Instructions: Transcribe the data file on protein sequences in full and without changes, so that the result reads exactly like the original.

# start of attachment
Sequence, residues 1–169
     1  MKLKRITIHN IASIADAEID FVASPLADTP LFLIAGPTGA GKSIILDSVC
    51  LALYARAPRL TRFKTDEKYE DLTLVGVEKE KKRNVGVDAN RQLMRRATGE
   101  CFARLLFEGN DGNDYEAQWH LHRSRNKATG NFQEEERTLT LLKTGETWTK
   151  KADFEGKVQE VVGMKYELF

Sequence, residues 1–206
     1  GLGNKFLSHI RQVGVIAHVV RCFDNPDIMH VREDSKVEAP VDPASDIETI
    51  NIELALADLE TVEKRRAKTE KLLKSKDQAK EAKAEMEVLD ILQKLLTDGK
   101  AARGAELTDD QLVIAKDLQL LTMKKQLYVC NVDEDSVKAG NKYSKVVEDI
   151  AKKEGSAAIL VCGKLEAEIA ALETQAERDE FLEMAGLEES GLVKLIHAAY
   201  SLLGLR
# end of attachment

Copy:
Sequence, residues 1–169
     1  MKLKRITIHN IASIADAEID FVASPLADTP LFLIAGPTGA GKSIILDSVC
    51  LALYARAPRL TRFKTDEKYE DLTLVGVEKE KKRNVGVDAN RQLMRRATGE
   101  CFARLLFEGN DGNDYEAQWH LHRSRNKATG NFQEEERTLT LLKTGETWTK
   151  KADFEGKVQE VVGMKYELF

Sequence, residues 1–206
     1  GLGNKFLSHI RQVGVIAHVV RCFDNPDIMH VREDSKVEAP VDPASDIETI
    51  NIELALADLE TVEKRRAKTE KLLKSKDQAK EAKAEMEVLD ILQKLLTDGK
   101  AARGAELTDD QLVIAKDLQL LTMKKQLYVC NVDEDSVKAG NKYSKVVEDI
   151  AKKEGSAAIL VCGKLEAEIA ALETQAERDE FLEMAGLEES GLVKLIHAAY
   201  SLLGLR